I was afraid to leave the house all day, glued to the t.v. I didn’t know what else to do so I made cookies - and ate cookies. And I took the trash out around the usual 5:30 and heard a plane. The car driving by me while I was standing at the curb stopped and they got out and looked up too. It was way, way high up and moving really fast. You could only see the sun glinting off of something, but you could hear it. I wasn’t going to be one of those people that call someone and cause a panic and get interviewed and everything, so I called my friend, Peggy, who had been sent home from Wright Patterson Air Force Base earlier in the day.

(She was a civilian but worked in a building without windows and all kinds of security. It was so secure that they had to use a different computer to send emails outside the base than the one they received it on. It’s not like I thought she would tell me what was happening, even if she knew. But she took the time to go to the other computer to email me that morning they were being sent home because the base might be a target.)

She said I probably just saw the President. That maybe he was going to Wright Patt. We found out later that he had been in Nebraska and that’s about the time he was flying back to DC - over Ohio! I never saw anything on the news about anybody else seeing or hearing the President’s plane.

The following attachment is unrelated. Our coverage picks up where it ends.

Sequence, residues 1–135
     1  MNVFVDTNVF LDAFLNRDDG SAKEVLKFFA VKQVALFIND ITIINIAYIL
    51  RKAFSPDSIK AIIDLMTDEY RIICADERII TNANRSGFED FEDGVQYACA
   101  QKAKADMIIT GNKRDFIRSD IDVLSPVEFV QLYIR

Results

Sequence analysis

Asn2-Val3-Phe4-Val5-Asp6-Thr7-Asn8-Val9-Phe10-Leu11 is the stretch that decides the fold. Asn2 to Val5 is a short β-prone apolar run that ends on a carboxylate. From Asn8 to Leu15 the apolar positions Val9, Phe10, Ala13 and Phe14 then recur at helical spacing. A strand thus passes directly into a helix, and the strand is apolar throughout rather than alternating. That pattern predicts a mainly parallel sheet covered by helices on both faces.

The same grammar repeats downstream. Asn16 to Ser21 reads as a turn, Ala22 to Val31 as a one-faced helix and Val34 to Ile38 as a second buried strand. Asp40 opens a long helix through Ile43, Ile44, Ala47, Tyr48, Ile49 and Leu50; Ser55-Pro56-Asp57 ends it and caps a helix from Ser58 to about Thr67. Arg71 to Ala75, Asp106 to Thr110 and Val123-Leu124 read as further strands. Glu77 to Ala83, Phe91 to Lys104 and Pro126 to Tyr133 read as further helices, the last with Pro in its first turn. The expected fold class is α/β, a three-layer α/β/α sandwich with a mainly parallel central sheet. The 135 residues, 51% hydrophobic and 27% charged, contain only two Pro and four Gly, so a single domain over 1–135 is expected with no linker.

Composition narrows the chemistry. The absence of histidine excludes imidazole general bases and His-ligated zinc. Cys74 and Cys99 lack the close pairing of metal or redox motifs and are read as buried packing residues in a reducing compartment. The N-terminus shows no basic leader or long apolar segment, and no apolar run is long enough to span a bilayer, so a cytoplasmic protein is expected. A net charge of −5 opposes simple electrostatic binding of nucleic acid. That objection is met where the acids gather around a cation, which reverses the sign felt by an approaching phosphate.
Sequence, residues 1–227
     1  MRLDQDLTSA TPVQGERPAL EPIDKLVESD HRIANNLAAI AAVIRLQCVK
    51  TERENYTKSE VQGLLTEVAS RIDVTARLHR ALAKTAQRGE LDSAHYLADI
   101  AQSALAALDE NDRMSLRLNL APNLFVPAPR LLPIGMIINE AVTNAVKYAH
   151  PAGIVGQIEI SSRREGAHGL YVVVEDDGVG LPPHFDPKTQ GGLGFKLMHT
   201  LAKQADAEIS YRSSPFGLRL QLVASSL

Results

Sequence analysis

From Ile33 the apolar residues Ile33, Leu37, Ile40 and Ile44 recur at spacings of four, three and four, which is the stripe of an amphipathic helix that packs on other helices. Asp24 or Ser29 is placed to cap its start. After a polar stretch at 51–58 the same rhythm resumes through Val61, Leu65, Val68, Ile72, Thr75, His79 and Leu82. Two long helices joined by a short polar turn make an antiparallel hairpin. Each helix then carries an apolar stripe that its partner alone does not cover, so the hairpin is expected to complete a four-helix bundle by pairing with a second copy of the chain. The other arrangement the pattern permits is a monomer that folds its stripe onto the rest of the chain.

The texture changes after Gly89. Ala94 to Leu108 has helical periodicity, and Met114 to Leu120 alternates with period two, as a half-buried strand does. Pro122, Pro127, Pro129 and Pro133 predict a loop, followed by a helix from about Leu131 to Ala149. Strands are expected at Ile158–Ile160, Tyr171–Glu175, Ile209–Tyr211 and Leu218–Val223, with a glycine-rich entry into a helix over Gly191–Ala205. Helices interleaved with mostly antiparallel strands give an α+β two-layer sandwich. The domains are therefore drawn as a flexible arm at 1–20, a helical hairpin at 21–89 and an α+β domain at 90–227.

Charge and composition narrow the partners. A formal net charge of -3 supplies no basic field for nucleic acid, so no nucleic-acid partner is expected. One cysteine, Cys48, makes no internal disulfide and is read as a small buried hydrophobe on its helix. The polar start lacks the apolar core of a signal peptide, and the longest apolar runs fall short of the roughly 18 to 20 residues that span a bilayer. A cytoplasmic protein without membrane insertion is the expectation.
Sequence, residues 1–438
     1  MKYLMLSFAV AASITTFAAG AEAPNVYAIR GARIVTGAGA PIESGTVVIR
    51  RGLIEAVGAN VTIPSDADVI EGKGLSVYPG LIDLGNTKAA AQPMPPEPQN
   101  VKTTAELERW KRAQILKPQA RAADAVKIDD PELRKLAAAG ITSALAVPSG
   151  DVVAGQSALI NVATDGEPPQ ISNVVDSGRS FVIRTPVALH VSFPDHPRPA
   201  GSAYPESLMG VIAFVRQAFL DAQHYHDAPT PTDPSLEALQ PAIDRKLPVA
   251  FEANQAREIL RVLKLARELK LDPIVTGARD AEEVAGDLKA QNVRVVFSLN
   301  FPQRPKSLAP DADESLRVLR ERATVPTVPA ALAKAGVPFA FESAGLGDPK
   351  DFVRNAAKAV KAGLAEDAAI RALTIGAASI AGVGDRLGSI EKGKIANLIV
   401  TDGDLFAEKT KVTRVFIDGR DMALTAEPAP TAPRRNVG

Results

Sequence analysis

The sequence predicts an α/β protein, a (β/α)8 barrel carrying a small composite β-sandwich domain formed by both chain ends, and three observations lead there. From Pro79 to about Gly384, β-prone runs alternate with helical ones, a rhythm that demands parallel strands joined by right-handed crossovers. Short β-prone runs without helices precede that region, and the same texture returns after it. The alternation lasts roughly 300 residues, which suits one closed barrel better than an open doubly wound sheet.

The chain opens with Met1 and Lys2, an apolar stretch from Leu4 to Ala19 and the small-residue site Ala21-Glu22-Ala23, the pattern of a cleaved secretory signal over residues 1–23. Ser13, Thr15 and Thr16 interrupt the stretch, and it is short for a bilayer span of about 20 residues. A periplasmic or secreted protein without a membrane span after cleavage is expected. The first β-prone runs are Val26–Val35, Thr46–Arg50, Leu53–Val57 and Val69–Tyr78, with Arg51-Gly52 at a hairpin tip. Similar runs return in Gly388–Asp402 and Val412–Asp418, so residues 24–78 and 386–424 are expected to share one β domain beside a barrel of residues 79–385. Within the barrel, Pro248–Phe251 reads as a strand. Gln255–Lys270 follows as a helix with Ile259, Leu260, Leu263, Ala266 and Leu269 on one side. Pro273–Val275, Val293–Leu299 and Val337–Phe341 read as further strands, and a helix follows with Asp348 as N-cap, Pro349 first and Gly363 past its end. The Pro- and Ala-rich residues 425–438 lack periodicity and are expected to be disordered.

Military helicopters had been flying over practically every half hour all afternoon too - from Wright Patt to somewhere south and back. I’d be on the phone with my mom or boyfriend and one of us would hear the helicopter overhead and two minutes later the other person would hear it, and they did that all night. Weirdness in the sky over Dayton, Ohio.
 

Moto Guzzi

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She said I probably just saw the President. That maybe he was going to Wright Patt. We found out later that he had been in Nebraska and that’s about the time he was flying back to DC - over Ohio! I never saw anything on the news about anybody else seeing or hearing the President’s plane.
A coworker was standing in his yard when Air Force One returned to DC. He said it came in fast with fighter jets at each wing tip. He cheered when he saw it.

I worked at the Washington Navy Yard and could see the smoke from the Pentagon. My sister worked there and we didn't know for hours whether she was alive. She survived but 41 of her coworkers were killed.

On September 7, we went to the Pentagon 9/11 Memorial to join members of our DAR Chapter to lay a wreath and place red roses and carnations on each victim's bench. The Pentagon DAR Chapter was started as a result of 9/11. A man was filming in advance of 9/11, and a short video was shown the next day during the end credits of Face the Nation.

We spoke with a man who was also in the Pentagon that day and survived without injury. We also spoke with two women who wanted to know about the memorial. I explained that the benches were laid out along the path the plane took and their orientation indicated whether the victim was on the plane or in the Pentagon. They are placed according to the ages of the victims with the youngest closest to the entrance. I gave each woman a flower to place.